Defenture VECTOR, a wolf in sheep’s clothing. By Dutch Defence Press

An encounter between the Dutch army commander and a Dutch motocross legend some years ago led to the most amazing story in acquisition and development in Dutch military history. Never before a contract was awarded to a company that did not exist at that time for a vehicle that was not even on the drawing board. Why? The pedigree of the owner and the people around him, a strong concept and guts. The company? Defenture. The vehicle, the VECTOR. The user? Dutch special operations forces.


Motocross legend and Dakar participant Gerard Rond told me several years ago about his remarkable discussion with the army’s top general. By chance they talked about a future requirement for a special operations vehicle for the Dutch KCT (Korps Commandotroepem, army) en NLMARSOF (Netherlands Maritime Special Operations Forces, marines). With his motocross and rally background Gerard soon recognised that what they were searching for was a vehicle that was good on the road but had to be great off-road. Basically a rally-vehicle as used in these gruelling marathons like Paris-Dakar and other endurance races around the world. That is what he told the general. He could build such a vehicle and it would exceed all their expectations. Gerard assembled a team from his rally community. They sat to work on a vehicle to be ready when the official Request for Information was released by the Dutch MoD. And they were ready. Not with an off-the-shelf solution like their competitors, but with a completely new design that would be completed after they had discussions with the end-users, operators mainly from the Dutch commando regiment KCT. The pitch was strong and they used a borrowed competition endurance-rally car to give the MoD an idea of the path they wanted to take. Computer renderings of the basic vehicle were also shown. Basically the rest is history. Defenture was born as a new company with its base in the city of Tiel in the heart of the country.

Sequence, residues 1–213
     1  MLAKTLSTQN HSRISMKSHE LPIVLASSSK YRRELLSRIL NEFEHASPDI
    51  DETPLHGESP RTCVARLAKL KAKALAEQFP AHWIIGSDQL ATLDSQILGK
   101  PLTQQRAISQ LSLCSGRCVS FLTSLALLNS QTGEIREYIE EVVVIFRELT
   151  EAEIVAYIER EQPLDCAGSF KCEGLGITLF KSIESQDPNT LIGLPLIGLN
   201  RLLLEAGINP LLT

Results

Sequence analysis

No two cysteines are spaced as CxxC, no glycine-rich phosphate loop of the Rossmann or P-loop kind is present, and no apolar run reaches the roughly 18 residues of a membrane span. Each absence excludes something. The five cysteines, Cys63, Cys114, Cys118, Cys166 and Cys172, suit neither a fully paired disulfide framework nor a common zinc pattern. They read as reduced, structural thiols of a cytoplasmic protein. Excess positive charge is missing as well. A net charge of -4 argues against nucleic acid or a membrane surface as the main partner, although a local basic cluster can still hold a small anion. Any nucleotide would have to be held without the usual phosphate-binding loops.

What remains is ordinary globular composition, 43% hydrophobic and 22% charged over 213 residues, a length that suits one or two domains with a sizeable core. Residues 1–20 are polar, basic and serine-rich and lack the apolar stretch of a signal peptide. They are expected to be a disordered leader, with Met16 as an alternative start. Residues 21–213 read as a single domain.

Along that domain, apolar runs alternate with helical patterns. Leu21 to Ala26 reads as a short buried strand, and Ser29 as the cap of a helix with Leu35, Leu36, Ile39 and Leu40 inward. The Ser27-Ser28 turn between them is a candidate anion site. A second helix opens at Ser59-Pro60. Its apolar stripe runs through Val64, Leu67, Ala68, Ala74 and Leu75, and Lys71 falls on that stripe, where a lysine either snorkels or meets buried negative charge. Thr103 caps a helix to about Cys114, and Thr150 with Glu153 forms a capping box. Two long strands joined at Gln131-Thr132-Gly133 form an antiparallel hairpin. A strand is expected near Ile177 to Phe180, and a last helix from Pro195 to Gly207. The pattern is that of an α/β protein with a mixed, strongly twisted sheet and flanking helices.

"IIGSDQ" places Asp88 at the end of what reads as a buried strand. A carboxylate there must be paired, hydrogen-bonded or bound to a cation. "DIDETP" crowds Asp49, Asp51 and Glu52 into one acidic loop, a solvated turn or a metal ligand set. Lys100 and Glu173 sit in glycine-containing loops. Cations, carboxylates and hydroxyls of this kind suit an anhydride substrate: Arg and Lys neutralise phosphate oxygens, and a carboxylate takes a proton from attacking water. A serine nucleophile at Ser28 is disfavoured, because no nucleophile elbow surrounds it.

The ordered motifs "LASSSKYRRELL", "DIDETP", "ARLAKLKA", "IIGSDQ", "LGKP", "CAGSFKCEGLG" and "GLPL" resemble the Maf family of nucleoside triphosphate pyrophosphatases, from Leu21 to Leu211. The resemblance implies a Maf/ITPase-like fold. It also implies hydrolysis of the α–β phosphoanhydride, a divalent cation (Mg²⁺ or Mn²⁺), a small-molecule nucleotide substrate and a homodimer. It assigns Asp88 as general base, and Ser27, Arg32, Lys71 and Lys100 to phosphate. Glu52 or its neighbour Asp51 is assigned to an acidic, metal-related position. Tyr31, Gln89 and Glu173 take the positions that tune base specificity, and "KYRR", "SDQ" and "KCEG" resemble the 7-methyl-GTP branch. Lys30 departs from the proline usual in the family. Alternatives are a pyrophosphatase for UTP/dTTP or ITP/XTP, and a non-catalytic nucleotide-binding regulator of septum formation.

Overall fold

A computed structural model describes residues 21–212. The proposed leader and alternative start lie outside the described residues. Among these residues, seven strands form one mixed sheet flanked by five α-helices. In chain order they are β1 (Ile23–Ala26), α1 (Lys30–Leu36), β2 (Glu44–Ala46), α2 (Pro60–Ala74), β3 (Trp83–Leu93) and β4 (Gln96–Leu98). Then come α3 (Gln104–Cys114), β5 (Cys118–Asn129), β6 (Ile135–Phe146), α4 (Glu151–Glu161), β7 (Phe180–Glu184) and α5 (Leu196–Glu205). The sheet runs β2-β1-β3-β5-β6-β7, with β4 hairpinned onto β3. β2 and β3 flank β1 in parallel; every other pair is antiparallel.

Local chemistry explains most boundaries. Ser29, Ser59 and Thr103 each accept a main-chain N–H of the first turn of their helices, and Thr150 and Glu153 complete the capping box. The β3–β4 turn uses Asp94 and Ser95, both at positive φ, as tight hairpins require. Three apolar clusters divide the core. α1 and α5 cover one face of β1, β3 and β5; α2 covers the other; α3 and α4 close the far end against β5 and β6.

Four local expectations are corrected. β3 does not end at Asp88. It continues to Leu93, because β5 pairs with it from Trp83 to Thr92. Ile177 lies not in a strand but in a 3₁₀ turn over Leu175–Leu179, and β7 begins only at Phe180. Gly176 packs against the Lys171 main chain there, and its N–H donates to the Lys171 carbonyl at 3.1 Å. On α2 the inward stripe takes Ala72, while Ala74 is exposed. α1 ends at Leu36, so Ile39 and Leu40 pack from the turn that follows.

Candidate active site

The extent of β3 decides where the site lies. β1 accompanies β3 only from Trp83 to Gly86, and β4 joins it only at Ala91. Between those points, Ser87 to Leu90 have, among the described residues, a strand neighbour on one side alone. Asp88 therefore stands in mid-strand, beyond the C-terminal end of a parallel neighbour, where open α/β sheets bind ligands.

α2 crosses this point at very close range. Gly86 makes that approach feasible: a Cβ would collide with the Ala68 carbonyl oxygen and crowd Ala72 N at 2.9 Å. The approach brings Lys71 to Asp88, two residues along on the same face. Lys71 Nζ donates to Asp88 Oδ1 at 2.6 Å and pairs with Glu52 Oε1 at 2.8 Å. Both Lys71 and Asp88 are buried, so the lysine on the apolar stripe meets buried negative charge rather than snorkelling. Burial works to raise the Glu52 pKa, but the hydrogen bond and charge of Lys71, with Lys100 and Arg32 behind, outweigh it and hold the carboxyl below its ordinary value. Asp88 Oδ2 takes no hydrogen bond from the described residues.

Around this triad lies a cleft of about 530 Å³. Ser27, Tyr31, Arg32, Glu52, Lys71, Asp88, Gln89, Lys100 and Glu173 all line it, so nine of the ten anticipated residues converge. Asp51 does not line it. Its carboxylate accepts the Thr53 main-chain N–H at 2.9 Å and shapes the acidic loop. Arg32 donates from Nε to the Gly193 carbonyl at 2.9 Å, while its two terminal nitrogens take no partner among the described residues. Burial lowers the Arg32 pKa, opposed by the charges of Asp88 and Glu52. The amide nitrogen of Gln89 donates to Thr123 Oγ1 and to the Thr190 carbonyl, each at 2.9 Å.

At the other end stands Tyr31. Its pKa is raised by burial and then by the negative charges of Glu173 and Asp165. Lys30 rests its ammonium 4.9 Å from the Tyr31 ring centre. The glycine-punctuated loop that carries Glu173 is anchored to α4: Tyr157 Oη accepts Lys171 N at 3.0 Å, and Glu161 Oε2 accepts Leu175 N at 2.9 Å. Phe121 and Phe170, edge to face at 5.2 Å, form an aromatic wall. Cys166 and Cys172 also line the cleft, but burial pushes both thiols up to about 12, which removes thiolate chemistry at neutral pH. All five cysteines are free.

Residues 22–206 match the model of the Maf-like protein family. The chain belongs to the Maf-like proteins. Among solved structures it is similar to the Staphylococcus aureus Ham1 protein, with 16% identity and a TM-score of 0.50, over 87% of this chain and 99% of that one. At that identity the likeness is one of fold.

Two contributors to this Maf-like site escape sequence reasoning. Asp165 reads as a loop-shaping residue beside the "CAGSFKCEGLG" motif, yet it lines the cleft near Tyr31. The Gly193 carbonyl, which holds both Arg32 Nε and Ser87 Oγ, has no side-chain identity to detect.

After they won the contract they sat down with the people from the MoD and the future users, listening closely to their needs and requirements. The development was a test-case of the new Concept Development & Experimentation (CD&E) route. It had to fit inside a Chinook transport helicopter. That was a hard clause as the Dutch military just bought brand-new CH-47F Chinooks as the ultimate aerial platform for SOF-operations.
The designers used “virtual engineering” to draw the vehicle within all the parameters they had. Not hindered by technical regulations and limits, as is normal in the rally world, they began to shape the vehicle from the ground up in a virtual environment. They could even perform virtual tests to measure stress and wear on the design. They made ten different technical configurations and could eliminate nine of them by running computer simulations. Normally a company would need to build ten prototypes with the different configurations and test them in the real world, costing an enormous amount of money and time.

 

 

In a later stage of development the designers worked together with the Interservice knowledge-center Special Operations of the Dutch commando’s. They had a long list of requests based on their knowledge and experience.
It had to be able to carry two tons of equipment and supplies. It had to be fast, have great off-road driving, be easy to operate and maintain. The list was long and they wanted everything. With the expertise within his team, Gerard and his team began to address the list. Some things were contradicting and choices had to be made. The clients had to decide which was more important. Sometimes discussions were held on topics like the dashboard. The MoD was not keen on an electronic screen but wanted to keep analog dials in fear of the screen to malfunction in hostile terrain. Gerard convinced them rally-cars have had these computers and screens for many years and even in races like Dakar they do not fail where dials will stop working because of dust. Gerard won the argument. In the meantime the design and construction team started work on the prototype vehicle. It took a staggering eight months from signing the contract to the first kilometers of the prototype of the ATTV (Air Transportable Tactical Vehicle). We are talking 2013. The public unveiling of the vehicle was in 2014 and it was named VECTOR (Versatile Expeditionary Commando tactical Off Road by the Dutch MoD). You’ve got to hand it to the military to come up with these great acronyms. Serial production of the vehicle started in 2017. An unheard of feat.